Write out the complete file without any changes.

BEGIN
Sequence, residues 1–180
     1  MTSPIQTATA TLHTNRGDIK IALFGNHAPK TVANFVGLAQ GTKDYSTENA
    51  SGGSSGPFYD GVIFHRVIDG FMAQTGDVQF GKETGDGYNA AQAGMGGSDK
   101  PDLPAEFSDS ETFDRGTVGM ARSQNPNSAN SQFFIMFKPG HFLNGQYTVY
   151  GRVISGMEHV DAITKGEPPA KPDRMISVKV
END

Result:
Sequence, residues 1–180
     1  MTSPIQTATA TLHTNRGDIK IALFGNHAPK TVANFVGLAQ GTKDYSTENA
    51  SGGSSGPFYD GVIFHRVIDG FMAQTGDVQF GKETGDGYNA AQAGMGGSDK
   101  PDLPAEFSDS ETFDRGTVGM ARSQNPNSAN SQFFIMFKPG HFLNGQYTVY
   151  GRVISGMEHV DAITKGEPPA KPDRMISVKV